Just as Goldilocks preferred her porridge tepid, her chair average and her mattress only semi-soft, we have a natural tendency to feel “just right” in the middle of any scale. This has less to do with our individual needs or tastes and more to do with our natural tendency to avoid choosing options that are at one extreme or another. Psychologists call this Extremeness Aversion and studies have shown it can be used to manipulate our decision-making. Want to see it in action? Head to your local coffee chain. In 2012 Tim Hortons shuffled its beverage sizes so that medium became "small," large became "medium" and extra large became merely a "large." (The original small was bumped from the board entirely though you can still ask for an "extra small.") How did this affect customers? A 2008 study out of Duke University suggests that they probably continued ordering the same size and just consumed more coffee. Researchers found that extremeness aversion causes consumers to increase their beverage consumption when the smallest drink size is dropped or when a larger drink size is added to a set.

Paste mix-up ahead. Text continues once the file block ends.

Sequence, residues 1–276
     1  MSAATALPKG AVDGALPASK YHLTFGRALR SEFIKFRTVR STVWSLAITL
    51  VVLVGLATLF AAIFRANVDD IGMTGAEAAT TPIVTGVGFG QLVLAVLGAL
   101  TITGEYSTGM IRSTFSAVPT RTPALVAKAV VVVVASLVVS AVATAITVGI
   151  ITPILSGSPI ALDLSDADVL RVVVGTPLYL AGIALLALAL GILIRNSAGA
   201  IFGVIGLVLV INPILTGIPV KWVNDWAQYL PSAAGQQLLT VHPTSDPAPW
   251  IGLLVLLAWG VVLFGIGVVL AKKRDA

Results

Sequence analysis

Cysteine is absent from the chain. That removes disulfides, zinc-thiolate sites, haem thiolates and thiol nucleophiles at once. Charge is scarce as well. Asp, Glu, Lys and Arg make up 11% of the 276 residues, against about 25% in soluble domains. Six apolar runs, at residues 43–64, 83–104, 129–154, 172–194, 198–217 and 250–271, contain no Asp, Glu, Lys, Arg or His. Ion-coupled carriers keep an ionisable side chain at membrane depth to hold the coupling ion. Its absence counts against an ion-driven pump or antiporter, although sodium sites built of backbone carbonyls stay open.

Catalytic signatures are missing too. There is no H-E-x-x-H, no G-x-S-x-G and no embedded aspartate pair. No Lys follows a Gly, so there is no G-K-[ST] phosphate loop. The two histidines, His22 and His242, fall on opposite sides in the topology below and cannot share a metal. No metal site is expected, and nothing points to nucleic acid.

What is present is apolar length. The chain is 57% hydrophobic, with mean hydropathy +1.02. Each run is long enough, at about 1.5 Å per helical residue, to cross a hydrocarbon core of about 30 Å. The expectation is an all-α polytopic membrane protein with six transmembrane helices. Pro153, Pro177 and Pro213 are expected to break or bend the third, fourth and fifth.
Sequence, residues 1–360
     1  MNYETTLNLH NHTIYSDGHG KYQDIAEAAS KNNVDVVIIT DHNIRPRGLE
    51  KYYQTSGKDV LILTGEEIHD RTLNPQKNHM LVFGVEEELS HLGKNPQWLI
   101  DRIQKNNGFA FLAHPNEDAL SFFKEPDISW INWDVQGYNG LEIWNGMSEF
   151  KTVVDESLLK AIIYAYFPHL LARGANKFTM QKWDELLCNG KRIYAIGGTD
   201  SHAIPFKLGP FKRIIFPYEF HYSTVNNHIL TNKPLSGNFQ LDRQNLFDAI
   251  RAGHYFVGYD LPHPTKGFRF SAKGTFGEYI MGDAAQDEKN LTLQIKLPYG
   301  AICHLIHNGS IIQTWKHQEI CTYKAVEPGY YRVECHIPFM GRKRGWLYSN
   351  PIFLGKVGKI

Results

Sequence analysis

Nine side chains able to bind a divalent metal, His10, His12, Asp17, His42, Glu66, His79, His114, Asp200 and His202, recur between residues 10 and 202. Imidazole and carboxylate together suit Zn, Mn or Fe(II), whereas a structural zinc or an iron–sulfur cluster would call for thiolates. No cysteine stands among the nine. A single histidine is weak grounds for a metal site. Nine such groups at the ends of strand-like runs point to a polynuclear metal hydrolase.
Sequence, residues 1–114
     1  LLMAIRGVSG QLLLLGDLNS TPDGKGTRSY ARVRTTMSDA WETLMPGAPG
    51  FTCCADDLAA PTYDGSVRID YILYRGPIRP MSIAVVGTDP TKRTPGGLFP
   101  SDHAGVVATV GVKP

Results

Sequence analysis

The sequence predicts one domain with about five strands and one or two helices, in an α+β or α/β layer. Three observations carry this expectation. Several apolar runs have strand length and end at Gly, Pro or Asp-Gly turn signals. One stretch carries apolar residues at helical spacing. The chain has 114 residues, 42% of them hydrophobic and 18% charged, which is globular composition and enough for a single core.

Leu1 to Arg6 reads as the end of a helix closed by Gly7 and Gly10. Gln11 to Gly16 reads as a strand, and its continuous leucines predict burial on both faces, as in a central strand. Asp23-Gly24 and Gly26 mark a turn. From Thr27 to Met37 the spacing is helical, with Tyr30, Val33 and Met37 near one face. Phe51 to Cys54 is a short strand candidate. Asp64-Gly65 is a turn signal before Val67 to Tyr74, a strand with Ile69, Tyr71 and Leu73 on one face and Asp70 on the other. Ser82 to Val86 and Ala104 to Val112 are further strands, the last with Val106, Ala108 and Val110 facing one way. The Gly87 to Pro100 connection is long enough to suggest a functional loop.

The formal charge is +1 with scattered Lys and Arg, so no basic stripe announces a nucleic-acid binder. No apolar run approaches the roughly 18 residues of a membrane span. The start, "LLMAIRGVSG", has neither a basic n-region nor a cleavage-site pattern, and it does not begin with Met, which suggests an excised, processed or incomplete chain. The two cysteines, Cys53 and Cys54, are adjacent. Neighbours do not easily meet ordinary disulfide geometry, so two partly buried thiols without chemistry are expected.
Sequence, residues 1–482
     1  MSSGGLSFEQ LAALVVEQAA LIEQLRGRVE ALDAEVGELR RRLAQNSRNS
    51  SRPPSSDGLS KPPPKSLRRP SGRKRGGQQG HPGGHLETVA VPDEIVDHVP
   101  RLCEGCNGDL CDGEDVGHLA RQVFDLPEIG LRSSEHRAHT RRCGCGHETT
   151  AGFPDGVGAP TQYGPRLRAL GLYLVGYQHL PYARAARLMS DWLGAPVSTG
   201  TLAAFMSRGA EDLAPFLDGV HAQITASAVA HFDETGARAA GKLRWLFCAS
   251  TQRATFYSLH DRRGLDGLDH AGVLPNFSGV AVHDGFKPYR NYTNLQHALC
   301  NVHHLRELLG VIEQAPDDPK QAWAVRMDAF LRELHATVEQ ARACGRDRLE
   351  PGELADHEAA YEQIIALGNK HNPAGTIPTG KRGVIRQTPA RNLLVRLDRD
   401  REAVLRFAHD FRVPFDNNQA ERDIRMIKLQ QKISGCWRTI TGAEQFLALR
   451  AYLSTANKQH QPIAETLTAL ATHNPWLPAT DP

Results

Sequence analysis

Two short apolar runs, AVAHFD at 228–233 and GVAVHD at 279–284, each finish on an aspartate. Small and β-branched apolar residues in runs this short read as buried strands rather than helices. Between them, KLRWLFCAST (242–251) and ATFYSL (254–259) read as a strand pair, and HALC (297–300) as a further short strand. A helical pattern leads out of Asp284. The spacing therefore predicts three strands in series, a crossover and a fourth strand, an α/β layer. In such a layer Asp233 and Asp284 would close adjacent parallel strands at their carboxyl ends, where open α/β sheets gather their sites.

Use this knowledge Extremeness Aversion can be used to convince us to spend or consume more than we might otherwise have intended, whether it's ordering from a wine list or choosing a condo floorplan. For most major purchases, try to think about what you want and how much you plan to spend before you survey the available options. Sometimes your eyes may be bigger than your wallet.